Talk shows pour fire on immigration debate
Conservatives more organized than Spanish radio
August 7, 2007
BY ESTHER J. CEPEDA
Chicago Sun Times
Depending on what side of the debate you're on, conservative talk radio shows are either to thank or to blame for the collapse of the Senate's most recent attempt at immigration reform.
The backlash against the Rush Limbaughs, Laura Ingrahams and the Sean Hannitys of the broadcast world came just weeks before last Saturday's 20th anniversary of the FCC decision to abolish the Fairness Doctrine, which had required broadcasters to balance conservative and liberal views in their daily broadcasts.
Sen. Richard Durbin (D-Ill.) and other legislators maneuvered to bring the issue back to the fore, with little result, but they are vowing to keep fighting for changes. Meanwhile, Chicago broadcasters are digging in — and speaking out about how they will use their air-time to shape the immigration debate in the months to come.
“I started out going after corrupt politicians, then the Minuteman Project and the immigration issue took on a life of its own,” said Rick Biesada, a truck driver and director of the Chicago Minuteman Project who hosts a weekly one-hour show on Elmhurst-based WJJG-AM (1530). “Talk radio is a conservative medium. People listening are people like me — people who drive a truck for a living listen to the news.”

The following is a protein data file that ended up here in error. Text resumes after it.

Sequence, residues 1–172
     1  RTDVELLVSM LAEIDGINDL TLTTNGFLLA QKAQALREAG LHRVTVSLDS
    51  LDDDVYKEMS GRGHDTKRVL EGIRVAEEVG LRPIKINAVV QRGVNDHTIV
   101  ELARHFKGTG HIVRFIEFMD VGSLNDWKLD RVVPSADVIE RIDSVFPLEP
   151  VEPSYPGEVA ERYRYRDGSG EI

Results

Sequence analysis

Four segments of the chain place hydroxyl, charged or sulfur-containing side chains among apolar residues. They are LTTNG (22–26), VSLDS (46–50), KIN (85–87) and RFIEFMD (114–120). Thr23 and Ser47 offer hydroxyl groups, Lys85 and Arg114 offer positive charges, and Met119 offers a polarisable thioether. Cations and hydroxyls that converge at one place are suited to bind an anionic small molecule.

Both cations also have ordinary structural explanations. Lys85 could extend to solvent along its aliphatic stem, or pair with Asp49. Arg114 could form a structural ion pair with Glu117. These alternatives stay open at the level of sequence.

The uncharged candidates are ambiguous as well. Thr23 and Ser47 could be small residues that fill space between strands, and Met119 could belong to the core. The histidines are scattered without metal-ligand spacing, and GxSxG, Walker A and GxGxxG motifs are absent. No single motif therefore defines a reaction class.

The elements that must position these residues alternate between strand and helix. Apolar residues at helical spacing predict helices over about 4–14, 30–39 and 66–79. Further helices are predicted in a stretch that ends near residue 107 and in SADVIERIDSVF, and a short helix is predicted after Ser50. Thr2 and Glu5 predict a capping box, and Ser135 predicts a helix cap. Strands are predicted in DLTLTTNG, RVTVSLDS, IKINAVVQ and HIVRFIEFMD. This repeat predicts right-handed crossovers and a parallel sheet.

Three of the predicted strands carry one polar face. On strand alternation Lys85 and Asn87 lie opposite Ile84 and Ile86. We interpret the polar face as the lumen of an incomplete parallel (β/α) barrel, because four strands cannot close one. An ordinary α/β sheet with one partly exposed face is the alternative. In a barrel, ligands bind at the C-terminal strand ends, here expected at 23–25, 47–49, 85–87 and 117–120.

Others working within earshot of a radio are listening in Spanish, and while the reach and influence of Spanish language radio has been credited with mobilizing the immigrant rights movement, its impact on the national debate has been minimal.
“We need to find a way for this community to talk back,” said Jorge Mujica, the leader of the March 10 Movement, which is credited with organizing thousands of people in various marches over the last year. He's a frequent Spanish language radio guest but says, “I don't feel comfortable calling [an English language talk radio show] if I know someone's going to mock me.”
“It's a serious thing and I'm not up-to-date in the English media,” he said. “It's like a separate reality.”
Mujica pointed to the difference between the loosely connected Spanish language media and the high level of organization most conservative talk show hosts bring to the table. “They provide their listeners with names, phone numbers and e-mails to call politicians. Then it becomes a reality for the politicians,” Mujica said.
Rather than relying on national radio shows to reach local people, Pilsen's RadioArte sends original bilingual programming to about 430,000 people in a 14-mile radius. “We are a response to some of the rhetoric both in conservative talk radio and some Spanish language shows,” said general manager Silvia Rivera. “There is some responsibility that comes when you're talking about mobilizations and how issues are covered.”
Effect on elections
Her response to the ire and — some say — racism toward illegal immigrants is that it's just the newest hot topic. “It's immigration now, but before it was gay/lesbian rights and before that abortion,” said Rivera. “It's sort of a David and Goliath battle.”
Responding to oft-hurled accusations of racism, conservative WLS morning host Jerry Agar, himself a Canadian immigrant, says people complaining about such shows just didn't like them to begin with. “In a debate, [critics] should be pointing out what is wrong with my position instead of talking about racism,” said Agar. “If you've reduced yourself to just calling me a racist, then I've already won.”
With the Senate bill behind them, conservative talk show hosts, unfazed by lingering talk about revival of the Fairness Doctrine, are turning their focus to supporting local anti-immigration ordinances and shaping the upcoming elections. “Next we want to vote the pro-open-border Republicans out of office,” said Biesada.